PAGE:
I think the style of delivery is very important to successful engagement in teaching.  To this extent, the first four points in my teaching philosophy are particularly crucial.  Motivation is not only to attempt to engage the students but also to enjoy myself.  In lectures, formal quick fire questions are asked at set intervals to try to counter disengagement and to practice new concepts in real time. Here is an example of a question from the ERM lecture during which time I can traverse the theatre looking for potential problems and misunderstandings.

A story that is specific to SQL delivery will now unfold!  When I first started at the university my very first lecture was in a music auditorium detached from the main building.  I felt daunted by the prospect but intrigued to find that was a grand piano in the room. “Well if they don’t like my lecture I could play for them” was my instant thought and safety valve.  I was excited at the prospect and dared myself to do it.  But I had to question why.  There was no link to databases and therefore a complete folly, surely?  No.  A piano is, after all, a database of sound and ordered.  “Hmm, this could work”.  The analogy concocted is that the database of sound is just waiting for a user and a retrieval language, like SQL.  So, my retrieval language on that first day was Mozart’s Piano Sonata K331 (famous for its Rondo alla Turka).  The result?  An ovation.  I will never forget it.  But they never asked me again!  I still do this on this module as the lecture theatre I use now also has a piano. The idea is of course to break the lecture up as a kind of timeout.  I figure it is best to choose something internationally recognizable and so this year the Beatles got a dressing down.  Just like within SQL, the piece is played both well and poorly to illustrate in particular semantic errors in SQL (you may remember two famous 70’s British comedians such as  Eric Morecambe’s one-liner with Andre Previn “I was playing all the right notes but necessarily in the right order” or Les Dawson’s ability to play the piano badly incredibly well!).  On asking the audience what they thought, a voice from the back shouted “Because you like showing off”. In part this is probably true but with a belief that some level or injection of “performance” in a lecture can go down well.  The piano is obviously not a necessity to teach this subject, but I think it plants an artifact potentially for the student.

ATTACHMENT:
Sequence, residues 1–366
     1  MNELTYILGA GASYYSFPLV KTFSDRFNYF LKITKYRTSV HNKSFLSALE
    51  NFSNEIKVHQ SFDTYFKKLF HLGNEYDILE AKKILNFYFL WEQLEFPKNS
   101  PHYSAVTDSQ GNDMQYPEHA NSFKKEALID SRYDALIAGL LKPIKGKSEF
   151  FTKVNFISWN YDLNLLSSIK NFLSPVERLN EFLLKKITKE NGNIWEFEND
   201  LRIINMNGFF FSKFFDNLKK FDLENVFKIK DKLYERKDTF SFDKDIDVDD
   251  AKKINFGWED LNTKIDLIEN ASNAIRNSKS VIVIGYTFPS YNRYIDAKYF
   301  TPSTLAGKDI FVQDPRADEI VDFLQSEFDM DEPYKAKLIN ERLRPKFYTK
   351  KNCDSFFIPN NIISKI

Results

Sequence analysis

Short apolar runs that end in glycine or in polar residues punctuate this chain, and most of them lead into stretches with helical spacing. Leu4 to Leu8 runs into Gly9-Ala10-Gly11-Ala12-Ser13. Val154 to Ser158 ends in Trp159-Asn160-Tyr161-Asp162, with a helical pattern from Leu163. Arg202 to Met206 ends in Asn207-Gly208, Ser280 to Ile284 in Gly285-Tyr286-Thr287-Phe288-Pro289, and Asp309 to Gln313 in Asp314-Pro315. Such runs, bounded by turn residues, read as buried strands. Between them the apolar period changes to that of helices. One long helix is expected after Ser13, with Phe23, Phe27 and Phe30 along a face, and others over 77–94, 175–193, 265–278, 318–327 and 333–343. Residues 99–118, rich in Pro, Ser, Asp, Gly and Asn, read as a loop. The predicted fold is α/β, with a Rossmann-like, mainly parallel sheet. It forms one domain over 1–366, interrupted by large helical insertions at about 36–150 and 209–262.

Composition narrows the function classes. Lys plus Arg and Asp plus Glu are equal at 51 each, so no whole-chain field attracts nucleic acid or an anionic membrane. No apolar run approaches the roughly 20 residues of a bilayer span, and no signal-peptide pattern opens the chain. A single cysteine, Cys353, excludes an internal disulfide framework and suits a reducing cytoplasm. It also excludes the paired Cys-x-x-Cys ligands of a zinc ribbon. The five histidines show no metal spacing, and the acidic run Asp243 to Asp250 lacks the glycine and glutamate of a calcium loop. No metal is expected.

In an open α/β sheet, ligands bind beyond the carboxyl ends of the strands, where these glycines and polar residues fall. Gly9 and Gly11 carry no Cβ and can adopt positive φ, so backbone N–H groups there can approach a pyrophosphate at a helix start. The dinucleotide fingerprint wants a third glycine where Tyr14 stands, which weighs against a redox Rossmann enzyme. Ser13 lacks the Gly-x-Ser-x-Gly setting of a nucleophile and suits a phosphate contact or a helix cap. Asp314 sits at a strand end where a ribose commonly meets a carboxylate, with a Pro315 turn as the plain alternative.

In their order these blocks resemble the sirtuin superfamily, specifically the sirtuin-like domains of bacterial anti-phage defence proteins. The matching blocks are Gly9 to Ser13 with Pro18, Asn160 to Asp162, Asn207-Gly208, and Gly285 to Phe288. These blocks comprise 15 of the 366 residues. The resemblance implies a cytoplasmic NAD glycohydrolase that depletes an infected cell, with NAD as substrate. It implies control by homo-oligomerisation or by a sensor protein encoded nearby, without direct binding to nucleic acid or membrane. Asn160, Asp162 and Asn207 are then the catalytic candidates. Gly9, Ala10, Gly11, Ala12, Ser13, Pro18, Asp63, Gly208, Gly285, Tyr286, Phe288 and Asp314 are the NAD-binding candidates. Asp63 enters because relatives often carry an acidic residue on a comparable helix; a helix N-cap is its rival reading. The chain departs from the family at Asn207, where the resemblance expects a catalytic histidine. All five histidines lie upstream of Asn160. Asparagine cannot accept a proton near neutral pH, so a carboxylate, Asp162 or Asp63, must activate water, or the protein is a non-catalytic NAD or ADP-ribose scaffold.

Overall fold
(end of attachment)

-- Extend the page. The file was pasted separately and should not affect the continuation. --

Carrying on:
PL/SQL lectures are delivered using code examples in slides and live demonstrations in the Oracle interface.  This involves switching between Powerpoint and Oracle “live”, which presents no problem, provided the Oracle server is operational.  It brings some variation to the delivery and allows impromptu questions and even “what if” scenarios from any questions raised.  An illustration of the traverse from Powerpoint to retrieving code into Oracle is shown here.  Note that the Notepad interface does not actually need to be opened as Oracle simply imports the Block2.sql file from the appointed folder.

All lectures are recorded as podcasts and uploaded to the VLE. Only if the lecture is changed significantly is a new podcast recorded, otherwise an older version is retained.  I must admit I don’t particularly like having the device wrapped around my neck and if I pause it I sometimes forget to continue when absorbed in the delivery of the material.  Here is the normalization podcast.  The rationale for doing this comes from student feedback, particularly those students whose first language is not English.  Interestingly I have been told that my speaking voice is well received by the foreign students.  I am sure this is due to my original accent being neutralized by working around different geographic parts of the UK and a self-conscious effort to be understood.